Month: October 2019

A Strong Case for a Knowledge-Centric Curriculum – by Chester E. Finn, Jr.

Don Hirsch has done it again. Never mind that he’s eighty-eight. Why Knowledge Matters: Rescuing Our Children from Failed Educational Theories, his fifth book on education reform—there were at least five earlier ones in his original field of English literature, criticism, and composition—is as clear and trenchant as Cultural Literacy was in 1987. And it is arguably even more ne...

Democrats Dodge a Charter Question — and for a Reason – by Martin R. West

It took until the third hour of the third Democratic presidential debate—the first of the 2020 cycle to gather all top-tier candidates on the same stage—for education policy to make an appearance. What ensued over the next 14 minutes in response to ABC correspondent Linsey Davis’s query about charter schools was a remarkable exercise in dodging the question. Why were the candid...

In The News: Break Up the Big Break? – by Education Next

While some schools have shortened summer vacation to reduce summer learning loss, not everyone agrees that more school is the best way for kids to spend their summer. These students attend eStem Public Charter School in Little Rock, where summer break is less than 8 weeks long. Bobby Ampezzan of NPR affiliate KUAR spoke with school leaders and students at schools that have exte...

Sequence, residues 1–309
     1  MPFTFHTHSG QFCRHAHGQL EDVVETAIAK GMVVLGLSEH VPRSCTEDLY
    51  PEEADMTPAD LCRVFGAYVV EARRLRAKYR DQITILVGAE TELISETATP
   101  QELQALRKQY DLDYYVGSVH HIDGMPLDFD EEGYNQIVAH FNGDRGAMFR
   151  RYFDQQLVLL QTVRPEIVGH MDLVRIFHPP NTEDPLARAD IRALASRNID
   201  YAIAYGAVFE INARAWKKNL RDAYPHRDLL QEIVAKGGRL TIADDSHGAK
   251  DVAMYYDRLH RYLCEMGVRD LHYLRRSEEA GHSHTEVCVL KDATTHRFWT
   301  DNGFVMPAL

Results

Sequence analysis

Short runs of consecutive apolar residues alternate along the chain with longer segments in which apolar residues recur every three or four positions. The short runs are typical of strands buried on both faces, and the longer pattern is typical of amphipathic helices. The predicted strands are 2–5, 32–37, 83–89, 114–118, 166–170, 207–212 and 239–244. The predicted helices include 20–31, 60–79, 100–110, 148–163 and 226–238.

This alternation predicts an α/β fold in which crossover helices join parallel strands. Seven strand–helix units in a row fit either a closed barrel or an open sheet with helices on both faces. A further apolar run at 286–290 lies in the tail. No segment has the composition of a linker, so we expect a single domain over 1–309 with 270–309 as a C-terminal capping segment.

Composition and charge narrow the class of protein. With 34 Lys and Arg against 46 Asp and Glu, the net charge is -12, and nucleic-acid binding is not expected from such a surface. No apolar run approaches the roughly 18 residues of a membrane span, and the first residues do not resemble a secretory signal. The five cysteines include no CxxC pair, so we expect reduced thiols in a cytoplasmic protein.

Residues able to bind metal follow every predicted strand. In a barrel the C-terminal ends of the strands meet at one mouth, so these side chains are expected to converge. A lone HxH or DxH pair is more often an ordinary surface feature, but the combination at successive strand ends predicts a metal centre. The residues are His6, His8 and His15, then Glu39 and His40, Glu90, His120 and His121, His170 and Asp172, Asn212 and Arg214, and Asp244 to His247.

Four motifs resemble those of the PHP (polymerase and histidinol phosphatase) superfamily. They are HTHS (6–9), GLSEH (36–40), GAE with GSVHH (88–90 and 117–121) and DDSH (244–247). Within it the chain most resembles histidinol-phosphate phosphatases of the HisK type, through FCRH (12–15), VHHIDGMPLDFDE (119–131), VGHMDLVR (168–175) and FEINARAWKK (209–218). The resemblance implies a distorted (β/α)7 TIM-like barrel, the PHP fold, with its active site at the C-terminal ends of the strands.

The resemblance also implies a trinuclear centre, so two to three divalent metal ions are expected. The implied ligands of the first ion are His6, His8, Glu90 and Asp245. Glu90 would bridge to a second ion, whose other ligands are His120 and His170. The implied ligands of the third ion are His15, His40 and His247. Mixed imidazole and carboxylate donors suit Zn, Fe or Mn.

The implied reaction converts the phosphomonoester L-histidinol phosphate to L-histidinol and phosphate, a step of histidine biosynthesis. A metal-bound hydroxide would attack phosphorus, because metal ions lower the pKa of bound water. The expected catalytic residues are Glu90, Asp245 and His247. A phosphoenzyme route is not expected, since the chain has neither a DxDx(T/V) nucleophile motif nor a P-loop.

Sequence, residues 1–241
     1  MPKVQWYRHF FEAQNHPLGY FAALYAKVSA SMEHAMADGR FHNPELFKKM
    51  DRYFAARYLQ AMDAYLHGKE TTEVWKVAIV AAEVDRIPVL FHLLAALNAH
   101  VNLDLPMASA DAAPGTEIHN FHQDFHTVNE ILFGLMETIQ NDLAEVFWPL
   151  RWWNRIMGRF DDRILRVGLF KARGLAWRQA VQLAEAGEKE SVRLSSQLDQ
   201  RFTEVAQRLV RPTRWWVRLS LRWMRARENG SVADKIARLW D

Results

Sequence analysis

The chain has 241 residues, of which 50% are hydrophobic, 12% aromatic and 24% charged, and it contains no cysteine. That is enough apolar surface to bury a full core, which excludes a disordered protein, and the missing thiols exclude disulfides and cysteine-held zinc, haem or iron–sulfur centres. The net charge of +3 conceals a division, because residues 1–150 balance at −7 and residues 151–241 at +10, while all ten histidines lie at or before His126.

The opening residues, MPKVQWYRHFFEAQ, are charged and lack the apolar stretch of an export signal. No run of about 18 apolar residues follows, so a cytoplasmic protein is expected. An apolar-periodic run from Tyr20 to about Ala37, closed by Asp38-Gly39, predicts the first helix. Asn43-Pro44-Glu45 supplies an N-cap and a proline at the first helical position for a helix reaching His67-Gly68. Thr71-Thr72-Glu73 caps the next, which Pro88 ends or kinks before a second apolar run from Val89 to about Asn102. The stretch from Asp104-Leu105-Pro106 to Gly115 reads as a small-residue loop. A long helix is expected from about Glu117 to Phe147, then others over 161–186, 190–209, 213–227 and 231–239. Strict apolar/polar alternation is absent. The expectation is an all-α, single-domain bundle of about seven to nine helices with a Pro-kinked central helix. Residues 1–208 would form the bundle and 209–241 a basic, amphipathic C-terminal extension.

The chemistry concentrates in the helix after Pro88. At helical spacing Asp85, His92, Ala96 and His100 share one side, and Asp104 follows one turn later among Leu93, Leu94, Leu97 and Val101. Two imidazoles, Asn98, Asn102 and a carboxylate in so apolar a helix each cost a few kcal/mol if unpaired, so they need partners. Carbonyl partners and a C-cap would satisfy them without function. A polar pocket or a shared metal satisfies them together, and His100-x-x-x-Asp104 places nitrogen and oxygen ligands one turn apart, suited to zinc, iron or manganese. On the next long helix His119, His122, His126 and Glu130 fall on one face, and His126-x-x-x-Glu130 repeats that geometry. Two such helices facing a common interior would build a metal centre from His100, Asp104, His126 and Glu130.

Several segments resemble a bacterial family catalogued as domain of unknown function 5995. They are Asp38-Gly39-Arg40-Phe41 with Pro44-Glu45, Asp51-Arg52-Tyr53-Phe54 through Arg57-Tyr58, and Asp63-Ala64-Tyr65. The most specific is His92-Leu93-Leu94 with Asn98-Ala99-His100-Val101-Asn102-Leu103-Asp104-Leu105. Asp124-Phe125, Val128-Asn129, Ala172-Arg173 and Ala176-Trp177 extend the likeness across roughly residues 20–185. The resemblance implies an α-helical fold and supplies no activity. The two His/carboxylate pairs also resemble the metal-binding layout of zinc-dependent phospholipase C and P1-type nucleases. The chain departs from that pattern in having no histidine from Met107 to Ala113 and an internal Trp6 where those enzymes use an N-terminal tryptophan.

What To Make of the 2019 Results from the ”Nation’s Report Card” – by Education Next

On October 30, 2019, federal officials released results from the 2019 National Assessment of Educational Progress, or NAEP, in reading and mathematics for grades 4 and 8.  Education Next asked a series of education-policy thinkers to share initial reactions to the results and thoughts about their implications. State NAEP rankings largely stable, even as reading scores drop Ma...

Strange Bedfellows? Why School Reformers Should Rethink Teachers Unions – by Robert Maranto

Thousands of striking Chicago Teachers Union and their supporters march around City Hall in October 2019. School reformers have long criticized teachers unions, often for good reason. In big cities like New York, teachers unions dominate education politics, negotiating hundred-page contracts and making it impossible for administrators to manage anyone, much less terminate the i...

As Google Steals its Education Thunder, What Can Microsoft Do? – by Michael B. Horn

In schools across America, the operating system inside its computers is once again changing. Whereas Microsoft played the role of disruptor the first time around, in this chapter, Google is disrupting Microsoft and threatening to drive it out of most U.S. K–12 schools. What’s so striking about this shift is that we have seen a version of this movie before. In the early 1980s, A...